The subject of Lamassu is a statue depicting a hybrid creature with a man’s head, a lion or ox body and bird wings. There is intricate line work in the beard and fur, as well as lots of linear lines in the feathers. The artwork is made up of two statues that mirror each other on either side of the archway. Looking at the statute from the front it looks like as if it is standing still, from the side however the statue displays movement through the use of adding another leg. The brow casts a shadow over the eyes, while the chest is protruding out from the body, casting a shadow over the legs and underbelly. There is no colour on the work, however there are theories that pigment was used. Our attention is drawn to the texture of the beard and fur because it is much more intricate than the rest of the work. Although it is a hybrid, it is fluid and harmonious. From the side it appears asymmetrical, but looking at it from the front it is symmetrical. There is repetition in that the work is mirrored on the other side of the archway. The use of stone is imperative on a work this scale, because using another medium such as clay would likely crack. The effects achieved are able to be replicated in other mediums such as other stones or metals. Because it is in stone, the work comes across as cold and emotionless, invoking a sense of power. The statues have a sacred feeling, because people in that period trusted that Lamassu could fight demons and protect them. Looking at them from the front it seems as if they are watching you, but from the side they show a more natural and welcoming image. To people entering the city this would make it seem as though Lamassu is protecting the city from outsiders, and to people within the city leaving the statues appear more friendly. The artwork is 3.13m tall and is held in the Metropolitan Museum of Art, New York City. It was excavated during the 1840’s in Nimrud by Sir Austen Henry Layard, and was eventually acquired by J.D. Rockefeller who donated it to the museum. It was made in Nimrud (ancient Kalhu) between 883 BC and 859 BC. It protected and supported the entrances to city gates and citadels, which housed the temple and royal palace. It is made from a single piece of alabaster (gypsum), which was transported using logs similar to how the Egyptians built the pyramids.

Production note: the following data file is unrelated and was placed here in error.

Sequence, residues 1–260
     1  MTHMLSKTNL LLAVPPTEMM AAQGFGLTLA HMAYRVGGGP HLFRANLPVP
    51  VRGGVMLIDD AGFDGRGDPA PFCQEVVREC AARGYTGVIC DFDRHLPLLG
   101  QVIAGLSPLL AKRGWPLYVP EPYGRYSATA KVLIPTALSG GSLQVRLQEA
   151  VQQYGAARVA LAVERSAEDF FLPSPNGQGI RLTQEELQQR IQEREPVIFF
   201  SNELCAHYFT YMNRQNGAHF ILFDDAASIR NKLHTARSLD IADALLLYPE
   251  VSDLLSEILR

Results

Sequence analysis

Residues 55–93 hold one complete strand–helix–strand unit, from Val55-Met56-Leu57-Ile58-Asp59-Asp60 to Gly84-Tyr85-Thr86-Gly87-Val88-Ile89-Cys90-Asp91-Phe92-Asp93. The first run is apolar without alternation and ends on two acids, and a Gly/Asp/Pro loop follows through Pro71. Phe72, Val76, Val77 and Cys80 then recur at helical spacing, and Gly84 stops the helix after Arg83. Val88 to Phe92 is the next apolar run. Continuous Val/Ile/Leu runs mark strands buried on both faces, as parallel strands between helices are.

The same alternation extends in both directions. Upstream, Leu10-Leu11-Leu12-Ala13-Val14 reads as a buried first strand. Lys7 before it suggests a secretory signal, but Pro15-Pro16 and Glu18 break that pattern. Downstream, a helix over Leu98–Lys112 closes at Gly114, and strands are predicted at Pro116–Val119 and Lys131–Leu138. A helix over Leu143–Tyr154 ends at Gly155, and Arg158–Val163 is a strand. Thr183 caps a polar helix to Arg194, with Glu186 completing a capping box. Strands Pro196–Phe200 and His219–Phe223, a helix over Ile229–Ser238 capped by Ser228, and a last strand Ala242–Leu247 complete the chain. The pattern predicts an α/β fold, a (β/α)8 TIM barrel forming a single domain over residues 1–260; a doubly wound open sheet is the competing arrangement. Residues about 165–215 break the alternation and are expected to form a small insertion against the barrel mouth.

Image Credit: Terryl Atkins
Reuse License: Public Domain